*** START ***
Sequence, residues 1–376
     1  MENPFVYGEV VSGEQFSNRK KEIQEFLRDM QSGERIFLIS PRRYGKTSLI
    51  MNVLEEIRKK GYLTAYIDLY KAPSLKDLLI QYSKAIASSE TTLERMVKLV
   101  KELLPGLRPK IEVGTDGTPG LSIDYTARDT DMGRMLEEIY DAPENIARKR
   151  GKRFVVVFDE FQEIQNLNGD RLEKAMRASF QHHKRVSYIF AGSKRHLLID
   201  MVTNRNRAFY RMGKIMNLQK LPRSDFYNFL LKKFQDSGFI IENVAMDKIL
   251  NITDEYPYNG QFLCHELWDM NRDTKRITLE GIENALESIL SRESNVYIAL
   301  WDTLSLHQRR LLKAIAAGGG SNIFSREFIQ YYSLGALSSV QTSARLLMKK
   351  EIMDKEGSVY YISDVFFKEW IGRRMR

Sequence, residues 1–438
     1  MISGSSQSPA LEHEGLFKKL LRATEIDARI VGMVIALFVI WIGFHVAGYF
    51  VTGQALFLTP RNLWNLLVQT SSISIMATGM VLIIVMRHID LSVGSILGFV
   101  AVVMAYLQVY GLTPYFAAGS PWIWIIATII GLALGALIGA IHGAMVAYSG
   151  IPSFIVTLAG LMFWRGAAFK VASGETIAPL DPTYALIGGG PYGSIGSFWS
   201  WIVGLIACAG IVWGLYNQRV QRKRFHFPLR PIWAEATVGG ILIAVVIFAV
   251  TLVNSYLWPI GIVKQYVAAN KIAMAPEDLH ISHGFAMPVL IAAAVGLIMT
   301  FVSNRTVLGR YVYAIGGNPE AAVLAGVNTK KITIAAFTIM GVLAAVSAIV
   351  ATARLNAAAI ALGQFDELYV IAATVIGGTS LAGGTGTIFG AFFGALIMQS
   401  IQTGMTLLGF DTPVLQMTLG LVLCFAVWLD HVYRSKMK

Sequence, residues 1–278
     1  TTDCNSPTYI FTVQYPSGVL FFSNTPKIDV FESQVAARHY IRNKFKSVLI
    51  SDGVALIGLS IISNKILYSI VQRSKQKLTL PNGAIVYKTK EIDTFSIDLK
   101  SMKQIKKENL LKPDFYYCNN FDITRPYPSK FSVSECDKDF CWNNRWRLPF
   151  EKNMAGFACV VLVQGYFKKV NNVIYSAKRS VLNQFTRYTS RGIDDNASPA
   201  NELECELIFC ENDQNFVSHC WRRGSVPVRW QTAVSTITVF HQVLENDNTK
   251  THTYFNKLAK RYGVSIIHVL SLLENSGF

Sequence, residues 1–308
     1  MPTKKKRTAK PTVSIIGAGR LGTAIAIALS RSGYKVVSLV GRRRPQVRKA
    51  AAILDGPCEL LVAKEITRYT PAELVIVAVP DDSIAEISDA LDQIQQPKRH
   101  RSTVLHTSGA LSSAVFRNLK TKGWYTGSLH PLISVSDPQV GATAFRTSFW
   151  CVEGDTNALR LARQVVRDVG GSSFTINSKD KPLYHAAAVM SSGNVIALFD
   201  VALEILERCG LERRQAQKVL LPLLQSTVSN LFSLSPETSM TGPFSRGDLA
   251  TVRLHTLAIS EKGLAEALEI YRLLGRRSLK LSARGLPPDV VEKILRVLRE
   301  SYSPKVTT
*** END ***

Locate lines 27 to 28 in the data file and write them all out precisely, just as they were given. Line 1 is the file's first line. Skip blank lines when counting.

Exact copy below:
Sequence, residues 1–308
     1  MPTKKKRTAK PTVSIIGAGR LGTAIAIALS RSGYKVVSLV GRRRPQVRKA